Study eliminates female malaria-carrying mosquitoes
The study, which was published in Nature Communications, successfully created a fully fertile strain of Anopheles gambiae mosquitoes that produced 95 percent male offspring, using a method that distorts the sex ratio of the species so that it no longer produces females that bite and spread malaria to humans.
Theoretically, if the experiments can be replicated in the wild, the population of malaria-carrying mosquitoes could crash.
Global efforts to reduce malaria mortality rates have grown by 42 percent since the year 2000. The disease is a major threat in sub-Saharan African regions. More than 3.4 billion people are at risk for contracting the disease, which kills an estimated 627,000 people per year, according to the World Health Organization.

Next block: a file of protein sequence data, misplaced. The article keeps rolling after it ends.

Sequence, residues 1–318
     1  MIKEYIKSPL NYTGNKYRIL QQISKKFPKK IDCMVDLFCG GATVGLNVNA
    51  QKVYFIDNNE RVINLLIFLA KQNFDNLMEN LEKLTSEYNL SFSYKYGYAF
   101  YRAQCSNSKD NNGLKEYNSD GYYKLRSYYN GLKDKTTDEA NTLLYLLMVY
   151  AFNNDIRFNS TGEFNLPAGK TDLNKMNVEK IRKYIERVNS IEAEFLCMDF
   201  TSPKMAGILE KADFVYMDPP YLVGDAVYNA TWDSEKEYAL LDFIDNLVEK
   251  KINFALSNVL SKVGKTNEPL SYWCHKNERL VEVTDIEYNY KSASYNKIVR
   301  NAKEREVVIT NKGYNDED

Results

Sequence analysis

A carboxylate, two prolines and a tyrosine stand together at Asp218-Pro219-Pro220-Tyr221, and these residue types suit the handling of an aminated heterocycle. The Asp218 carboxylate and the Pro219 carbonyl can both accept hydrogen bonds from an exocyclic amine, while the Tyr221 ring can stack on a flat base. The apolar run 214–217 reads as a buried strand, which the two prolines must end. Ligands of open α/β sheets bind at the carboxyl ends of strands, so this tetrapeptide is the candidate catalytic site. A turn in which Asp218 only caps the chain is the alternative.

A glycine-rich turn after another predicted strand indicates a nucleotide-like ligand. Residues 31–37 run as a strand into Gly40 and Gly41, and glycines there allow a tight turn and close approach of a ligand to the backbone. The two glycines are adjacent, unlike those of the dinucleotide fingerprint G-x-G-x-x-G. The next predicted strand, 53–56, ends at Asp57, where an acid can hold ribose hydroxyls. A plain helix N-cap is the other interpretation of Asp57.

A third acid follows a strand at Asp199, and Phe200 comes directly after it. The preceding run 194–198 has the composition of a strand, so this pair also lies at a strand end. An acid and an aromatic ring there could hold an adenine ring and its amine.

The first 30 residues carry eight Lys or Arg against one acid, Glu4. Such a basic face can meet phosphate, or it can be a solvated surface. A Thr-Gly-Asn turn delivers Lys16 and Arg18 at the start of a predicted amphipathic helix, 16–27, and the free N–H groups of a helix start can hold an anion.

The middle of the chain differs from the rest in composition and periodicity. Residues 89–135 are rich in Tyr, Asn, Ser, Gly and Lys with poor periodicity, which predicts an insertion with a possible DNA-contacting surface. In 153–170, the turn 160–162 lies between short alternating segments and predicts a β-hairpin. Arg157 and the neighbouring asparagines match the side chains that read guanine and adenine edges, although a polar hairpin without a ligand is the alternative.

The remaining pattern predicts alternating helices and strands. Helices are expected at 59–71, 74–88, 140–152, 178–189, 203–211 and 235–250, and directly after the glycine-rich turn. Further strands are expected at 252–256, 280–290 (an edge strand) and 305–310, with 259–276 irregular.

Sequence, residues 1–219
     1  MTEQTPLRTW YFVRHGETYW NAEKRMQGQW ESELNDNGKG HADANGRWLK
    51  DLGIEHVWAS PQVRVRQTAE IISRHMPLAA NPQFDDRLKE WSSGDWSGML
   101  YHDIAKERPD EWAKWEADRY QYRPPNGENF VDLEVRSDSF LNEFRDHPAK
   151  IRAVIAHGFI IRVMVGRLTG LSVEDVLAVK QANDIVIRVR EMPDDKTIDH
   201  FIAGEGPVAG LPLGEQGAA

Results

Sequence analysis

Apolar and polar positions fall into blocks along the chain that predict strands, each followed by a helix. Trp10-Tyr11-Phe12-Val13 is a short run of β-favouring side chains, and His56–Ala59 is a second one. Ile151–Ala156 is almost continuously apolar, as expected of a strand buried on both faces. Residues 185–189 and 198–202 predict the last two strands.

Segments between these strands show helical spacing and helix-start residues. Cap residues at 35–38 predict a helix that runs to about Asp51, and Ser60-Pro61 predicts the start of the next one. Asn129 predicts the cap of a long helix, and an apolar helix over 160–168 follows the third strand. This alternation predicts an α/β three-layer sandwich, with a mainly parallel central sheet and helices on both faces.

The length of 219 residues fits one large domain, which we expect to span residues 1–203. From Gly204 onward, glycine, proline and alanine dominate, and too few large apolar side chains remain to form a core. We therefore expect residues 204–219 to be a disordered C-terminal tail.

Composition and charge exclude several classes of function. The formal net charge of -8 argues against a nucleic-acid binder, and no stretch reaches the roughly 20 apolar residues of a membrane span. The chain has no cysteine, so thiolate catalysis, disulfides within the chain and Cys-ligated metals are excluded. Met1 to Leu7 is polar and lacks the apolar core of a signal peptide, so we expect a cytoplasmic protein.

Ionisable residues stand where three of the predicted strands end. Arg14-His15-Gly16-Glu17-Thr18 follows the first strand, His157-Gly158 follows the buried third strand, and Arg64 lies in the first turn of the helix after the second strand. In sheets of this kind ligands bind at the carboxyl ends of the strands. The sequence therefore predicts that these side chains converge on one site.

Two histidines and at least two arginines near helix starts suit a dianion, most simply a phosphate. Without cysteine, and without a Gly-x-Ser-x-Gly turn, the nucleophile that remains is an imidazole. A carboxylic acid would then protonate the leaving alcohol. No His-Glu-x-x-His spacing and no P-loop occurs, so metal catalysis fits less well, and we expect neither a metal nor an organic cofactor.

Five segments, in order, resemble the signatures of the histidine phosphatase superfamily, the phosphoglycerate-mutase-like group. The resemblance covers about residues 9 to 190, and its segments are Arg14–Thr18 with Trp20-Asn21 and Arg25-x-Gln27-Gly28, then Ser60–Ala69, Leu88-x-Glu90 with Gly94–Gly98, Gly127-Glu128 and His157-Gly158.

The study was performed by Imperial College London and led by Professor Andrea Crisanti.
"Malaria is debilitating and often fatal and we need to find new ways of tackling it," Crisanti said. "We think our innovative approach is a huge step forward. For the very first time, we have been able to inhibit the production of female offspring in the laboratory and this provides a new means to eliminate the disease."
Researchers said that the new approach could help effectively eliminate malaria from entire regions.